Whitefield artist Manda Hard uses painting to inspire self-love and empowerment. Now, during the COVID-19 pandemic, she is using her art to shine a light on health care workers.
Hard, 33, grew up in Massachusetts and moved to Maine four years ago. She started painting during her time at Montserrat College of Art in Beverly, Mass., taking inspiration from the women around her.
“I began to paint to show the world what I saw in women,” she wrote on her website, Penny Prints. “Coming in all shapes and sizes, all walks of life; I saw women expressing themselves beautifully. I wanted to bring that to light through my own journey and through my art.”
Hard’s paintings are a series of “girls” that she hopes a wide array of women will be able to relate to. The latest work is “Nurse Girl,” inspired by health care workers who are treating COVID-19 patients.
“We’re on the outside, we’re home, we’re not really seeing what’s going on behind closed doors. These nurses and medical staff are being thrown into a war,” Hard said. “I wanted to bring some light to them and their dedication and everything they’ve been doing to protect our families, friends, and loved ones.”
Hard contacted friends in Maine, Massachusetts, and California who work in hospitals to get an understanding of what it’s like to work through the pandemic. She interviewed health care professionals through Zoom.
“I can’t imagine every day you get up and go to work and you could bring a sickness home to your family,” she said.
Some of Hard’s other paintings include “Teacher Girl,” “Morning Girl,” “Winter Girl,” and “Beautiful Survivor,” which was inspired by a friend’s breast cancer diagnosis.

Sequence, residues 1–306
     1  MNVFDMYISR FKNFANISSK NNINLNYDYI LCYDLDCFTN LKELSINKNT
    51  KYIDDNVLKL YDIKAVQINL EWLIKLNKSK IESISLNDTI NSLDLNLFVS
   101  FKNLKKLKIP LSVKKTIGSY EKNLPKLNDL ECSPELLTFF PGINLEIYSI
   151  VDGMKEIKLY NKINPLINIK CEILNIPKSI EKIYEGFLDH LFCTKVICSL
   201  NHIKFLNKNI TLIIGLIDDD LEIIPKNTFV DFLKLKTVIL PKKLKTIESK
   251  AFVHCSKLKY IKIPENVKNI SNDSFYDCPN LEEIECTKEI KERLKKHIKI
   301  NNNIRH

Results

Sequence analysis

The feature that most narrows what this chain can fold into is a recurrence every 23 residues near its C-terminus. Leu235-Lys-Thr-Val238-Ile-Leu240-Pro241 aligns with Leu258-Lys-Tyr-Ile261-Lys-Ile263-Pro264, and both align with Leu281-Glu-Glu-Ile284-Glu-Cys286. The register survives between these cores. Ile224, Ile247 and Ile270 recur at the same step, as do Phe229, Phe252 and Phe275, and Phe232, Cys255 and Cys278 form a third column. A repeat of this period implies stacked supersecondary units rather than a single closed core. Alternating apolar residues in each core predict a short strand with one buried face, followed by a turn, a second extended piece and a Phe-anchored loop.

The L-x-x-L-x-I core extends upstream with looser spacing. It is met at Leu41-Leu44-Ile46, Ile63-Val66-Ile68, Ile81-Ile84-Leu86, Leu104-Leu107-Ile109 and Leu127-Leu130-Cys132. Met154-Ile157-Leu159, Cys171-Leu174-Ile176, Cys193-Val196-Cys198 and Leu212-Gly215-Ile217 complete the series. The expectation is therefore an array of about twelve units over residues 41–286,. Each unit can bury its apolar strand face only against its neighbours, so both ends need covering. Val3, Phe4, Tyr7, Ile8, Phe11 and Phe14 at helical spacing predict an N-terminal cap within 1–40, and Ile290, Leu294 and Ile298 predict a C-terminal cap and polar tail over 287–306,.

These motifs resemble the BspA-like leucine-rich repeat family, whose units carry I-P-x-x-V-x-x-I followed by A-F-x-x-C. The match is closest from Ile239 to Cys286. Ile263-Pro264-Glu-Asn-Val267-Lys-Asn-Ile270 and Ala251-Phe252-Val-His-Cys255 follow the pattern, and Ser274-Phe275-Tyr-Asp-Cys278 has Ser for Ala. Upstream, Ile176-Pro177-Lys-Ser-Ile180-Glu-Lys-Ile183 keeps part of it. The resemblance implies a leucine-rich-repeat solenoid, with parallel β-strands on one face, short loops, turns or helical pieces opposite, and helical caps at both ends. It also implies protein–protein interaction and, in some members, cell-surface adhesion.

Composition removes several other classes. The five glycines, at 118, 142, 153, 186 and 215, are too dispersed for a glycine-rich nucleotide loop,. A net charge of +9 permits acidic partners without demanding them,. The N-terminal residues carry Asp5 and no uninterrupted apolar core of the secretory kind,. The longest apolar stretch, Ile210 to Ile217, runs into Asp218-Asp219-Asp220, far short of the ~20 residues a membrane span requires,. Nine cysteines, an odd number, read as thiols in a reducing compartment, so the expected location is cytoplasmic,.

“I get inspiration from people and friends and family around me, and I try to do a wide variety of different people and different careers,” Hard said. “It might not necessarily relate to me, but that’s OK. I want to relate to other people around me.”
She sells a variety of products on her website that feature her paintings, from clothing to coffee mugs to beach towels. Hard will donate proceeds from “Nurse Girl” products to the American Nurses Foundation.
“It’s kind of a full circle — you have something nice, or you’re giving a nice gift, and that money in turn goes and helps the medical staff,” she said.
Through her art, Hard wants to bring more positivity to the world. “There’s too much shaming in the world, and there’s too much negativity,” she said. “Everybody is unique and everybody is perfect in their own way.”
Hard said she is always working on the next “girl” painting and she encourages people to send her suggestions through her website, penny-prints.com.